Article Tears Down Urban Meyer’s Legend
GAINESVILLE, Fla. (CBSMiami) – Urban Meyer was a legend at the University of Florida for his performance from 2005-2009. But after an ugly ending and a controversial move to Ohio State, the luster has finally come off Meyer’s coaching prowess.
In an article for the Sporting News released Monday, the details of Meyer’s run at UF were detailed and if true, showed a broken program that should squarely be blamed on Urban Meyer.
It was just last season that Meyer was sitting in an ESPN studio criticizing the ugly side of college football in scandals at the University of Miami and several other schools. But it was Meyer’s program that could have been labeled as completely dysfunctional, according to the Sporting News.
“The program was out of control,” former Florida safety Bryan Thomas told the Sporting News.
Part of the problem, according to the report, is that Meyer’s players said he developed a “circle of trust” group of players that could get away with anything and Meyer would look the other way because of their talent on the football field.
Former players told the Sporting News that future pro stars Percy Harvin, Brandon Spikes, and Aaron Hernandez all missed a game due to failed drug tests for marijuana. Officially, Meyer reported that the three were injured.
The Sporting News’ investigation pointed to Harvin as getting the most preferential treatment. The Sporting News said multiple players confirmed that Harvin physically attacked wide receivers coach Billy Gonzales by grabbing him by the neck and throwing him to the ground.
It took two other assistant coaches to pull Harvin off Gonzales, players told the Sporting News, but Harvin was never disciplined. Gonzales would later resign by putting his keys, cell phone, and a resignation letter on Meyer’s desk.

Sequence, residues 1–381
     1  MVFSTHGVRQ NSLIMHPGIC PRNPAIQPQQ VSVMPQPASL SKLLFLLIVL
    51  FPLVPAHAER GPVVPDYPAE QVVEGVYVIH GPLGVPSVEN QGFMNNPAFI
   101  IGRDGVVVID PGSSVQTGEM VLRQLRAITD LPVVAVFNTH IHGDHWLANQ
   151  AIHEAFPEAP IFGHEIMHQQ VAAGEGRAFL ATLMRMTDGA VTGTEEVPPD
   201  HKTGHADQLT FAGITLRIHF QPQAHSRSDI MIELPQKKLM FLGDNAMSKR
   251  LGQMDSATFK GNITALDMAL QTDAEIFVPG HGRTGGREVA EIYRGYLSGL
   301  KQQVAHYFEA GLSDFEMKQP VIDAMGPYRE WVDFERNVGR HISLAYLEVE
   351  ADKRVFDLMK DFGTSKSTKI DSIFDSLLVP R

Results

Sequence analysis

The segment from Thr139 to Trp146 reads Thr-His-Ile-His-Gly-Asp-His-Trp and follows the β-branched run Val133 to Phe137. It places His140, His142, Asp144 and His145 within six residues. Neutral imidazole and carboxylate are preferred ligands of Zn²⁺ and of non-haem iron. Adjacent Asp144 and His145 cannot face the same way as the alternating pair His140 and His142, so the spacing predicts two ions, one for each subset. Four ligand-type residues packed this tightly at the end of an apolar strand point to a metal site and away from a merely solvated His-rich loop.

More than 30 players were arrested in Meyer’s six seasons. Tight end Aaron Hernandez admitted to failing a drug test at UF which cost his draft stock. Harvin failed a drug test at the NFL combine and caused him to slip in the first round, according to the Sporting News.
All of it has left current Gators head coach Will Muschamp with the unenviable task of trying to rebuild the Gators program from the shambles Meyer left it in. Muschamp went 6-6 in his first season, which was a tough pill to swallow for fans used to 11-14 wins a season and contending for the national championship.
For Meyer, he is now the most popular person in the state of Ohio and is said to be reinvigorated after taking a year off to deal with “health issues.”
Meyer already has a less than stellar image in his new conference, the Big Ten. Coaches in the conference had a gentleman’s agreement not to try to get players to switch their commitments to other Big Ten schools.
Meyer came in and got eight star players to back off verbal commitments to other Big Ten schools and to sign with the Buckeyes. Meyer said the conference better get used to it because he’s going to continue to do it and make the Big Ten recruiting as tough as that in the Southeastern Conference.